After the Fu Manchus, Towers became a well-known name to those in the industry. After becoming friends with Franco, he decided to chain him to the director's seat, later regretting this 'as he couldn't direct traffic', despite Christopher Lee's claims that Franco's an underrated and misued director. He made films such as the Rohm-starring Venus in Furs (1968) and 99 Women (1969), the Lee-headling Witchfinder General knockoff The Bloody Judge (1970), Eugenie (1970), where Maria Rohm teaches doll-faced cutie Marie Lljedahl with Lee narrating, thinking it is an artsy film about the Marquis De Sade, not knowing it is a softporn about De Sade with him as the guest star and Count Dracula (1970), putting Lee in his most famous role as Stoker not Hammer envisaged him, with Lom as Van Helsing, after Vincent Price could not escape his AIP contract and Rohm as Mina, with Klaus Kinski duped into playing Renfield, thinking it's not a Dracula film, as he refused to be in it initially, though he would later to be one of the few actors to play both Dracula and Renfield. It's a flawed masterpiece, let down by Franco's eccentricties of filming a British-set film in Spain, and other bad things, but there is a nice Nicolai soundtrack and it has Lee as Dracula, and it is better than Scars of Dracula, the Hammer Lee made that year, and feels more expensive than that, bizarrely, and hasn't got Dennis Waterman as the hero!
Harry then made a lacklustre Italian, London-filmed Dorian Grey with Herbert Lom, Richard Todd and Lom, and Rohm! By 1971, after a Mark Lester Black Beauty in Ireland, Towers made aa troubled Call of the Wild attacked by its star Charlton Heston, who thought Towers was mad, talked Paramount out of distributing the film, because he was still a major star but not as big as he still thought he was, and then Orson Welles' long gestating Treasure Island with half the cast of Horror Express, Rohm and Kim Burfield replacing Lester, who had jumped ship onto a rival production, Kirk Douglas' Scalawag. Welles was dubbed by Robert Rietty bizarrely, and had to be filmed waste up due to getting fatter between filming breaks (began in '64 by Franco, finished in 72 by Disney and Hammer vet John Hough, and filled in by Antonio Margheriti). Then, Towers dabbled in porn with films like Teenage Emanuelle (1976, the last acting role so far of Rohm, who retired) and then made King Solomon's Treasure with David McCallum and Pat Macnee, a Star Wars-chasing adap/sequel not based at all of Shape of Things to Come with cute robots and an evil Vader-like Jack Palance, similar to his role in Hawk the Slayer, but without a mask. After success with Klondike Fever, based on the life of Jack London, Harry paid his taxes to the US governments from the vice charges in 1961 and moved with Maria to Canada. Then, Harry would continue a string of producing porn movies such as Black Venus, as well as Fanny Hill (1983), one of the last British-made sex comedies with Oliver Reed, Shelley Winters and Wilfrid Hyde White having it on with a girl young enough to be his great-grandddaughter!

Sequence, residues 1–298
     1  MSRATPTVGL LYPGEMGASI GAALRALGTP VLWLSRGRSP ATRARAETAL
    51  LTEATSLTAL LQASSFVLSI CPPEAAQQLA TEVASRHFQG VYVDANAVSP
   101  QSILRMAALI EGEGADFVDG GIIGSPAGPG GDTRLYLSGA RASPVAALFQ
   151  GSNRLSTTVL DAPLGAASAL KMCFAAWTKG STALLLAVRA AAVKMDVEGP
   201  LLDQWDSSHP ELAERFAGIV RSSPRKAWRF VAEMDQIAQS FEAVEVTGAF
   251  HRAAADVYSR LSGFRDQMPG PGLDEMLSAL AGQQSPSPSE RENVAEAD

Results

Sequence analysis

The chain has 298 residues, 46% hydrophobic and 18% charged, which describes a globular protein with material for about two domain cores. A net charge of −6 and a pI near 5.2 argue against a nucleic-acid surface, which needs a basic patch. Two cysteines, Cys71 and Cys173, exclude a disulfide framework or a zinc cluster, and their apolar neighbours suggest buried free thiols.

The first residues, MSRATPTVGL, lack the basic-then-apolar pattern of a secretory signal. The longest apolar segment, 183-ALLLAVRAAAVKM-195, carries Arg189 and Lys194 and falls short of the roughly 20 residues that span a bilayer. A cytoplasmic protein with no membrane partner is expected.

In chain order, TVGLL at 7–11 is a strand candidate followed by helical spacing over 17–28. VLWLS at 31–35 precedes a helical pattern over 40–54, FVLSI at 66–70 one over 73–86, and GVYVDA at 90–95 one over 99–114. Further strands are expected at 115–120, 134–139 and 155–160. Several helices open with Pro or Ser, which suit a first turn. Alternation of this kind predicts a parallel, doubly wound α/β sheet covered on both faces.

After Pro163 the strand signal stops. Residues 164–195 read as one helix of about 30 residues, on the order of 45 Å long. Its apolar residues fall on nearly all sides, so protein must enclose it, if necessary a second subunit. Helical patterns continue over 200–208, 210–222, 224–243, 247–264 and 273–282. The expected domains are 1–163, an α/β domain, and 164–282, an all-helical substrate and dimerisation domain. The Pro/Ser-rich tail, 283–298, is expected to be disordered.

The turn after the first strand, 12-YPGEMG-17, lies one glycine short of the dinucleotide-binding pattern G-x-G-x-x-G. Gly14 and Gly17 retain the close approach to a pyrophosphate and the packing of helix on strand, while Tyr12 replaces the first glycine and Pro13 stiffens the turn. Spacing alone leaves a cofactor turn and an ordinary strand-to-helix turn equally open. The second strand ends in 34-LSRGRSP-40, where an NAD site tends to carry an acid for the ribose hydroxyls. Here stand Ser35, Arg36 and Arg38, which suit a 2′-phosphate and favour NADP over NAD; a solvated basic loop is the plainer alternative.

This after a slow period for Towers represented a new bloom in production. As he entered his sixth decade, Towers allied with Golan-Globus of Cannon to unleash more and more films. From family films like Lightning the White Stallion (1986) to Mandingo variants like Dragonard (1987, where Oliver Reed participates in an excuse to see women whipped by men in three-cornered hats), he seemed to make more movies. Reed became a fixture, appearing in everything from Skeleton Coast, a Wild Geese imitation with Ernest Borgnine, Herbie Lom (another fixture since the dawn of Towers) and Robert Vaughn to Poe adaptions and Captive Rage, another actioner. Towers also released comedies such as Oddball Hall, made in Africa with Burgess Meredith and Bill Maynard (yes, that Bill Maynard, British comedy acting legend) and DTV sequels like Howling IV, Delta Force 3, American Ninja 3 (with poor man's Chuck Norris, Michael Dudikoff, also star of Towers-produced Indiana Jones-aping Alistair McLean adap River of Death which has Vaughn and Pleasence as Nazis), the sword-and-sorcery Gor films and Warrior Queen, and Edgar Allen Poe's Buried Alive, which has seconds of John Carradine in his last role, Robert Vaughn and Pleasence ruling over a girl's orphanage in a bad wig and a couple of Robert Englund post-Freddy slashers including a rather good modern day adap of the Phantom of the Opera (1988), its semi-sequel Dance Macabre (1994) and the Stephen King adap the Mangler (1994) and Tobe Hooper's Night Terrors. Tony Curtis played a geriatric mummy in the Mummy Lives (1993), doing it seriously, but making it funnier, making me think it was a comedy. Anthony Perkins played Jekyll/Hyde/Jack the Ripper/Norman Bates in Edge of Sanity (1989), with Budapest as London, David Lodge, nylon underwear, Madonna-like Victorian prositutes and post-decimal currency. Chuck Norris appeared in the Hitman (1993). Two Lost World films were made in 1992, Michael Caine appeared in three Harry Palmer revivals that were not based on novels, so they did not need to pay Len Deighton, as Palmer was only the character's name in the films. Richard Harris made Cry, the Beloved Country (1995), and several DTV actioners and Tv movies were wheeled out including an octogenarian Jack Palance in an Isle of Man-shot Treasure Island (2000). Then, after years of still working, at his home in Canada, his wife by his side, in 2009, Harry Alan Towers died, aged 88. This was a sad day for exploitation fans. A true legend had gone, and no longer would movies have such a character among them, such a globe-trotting dealmaker. The world was a lesser place. There will be no one quite like him again, or even before.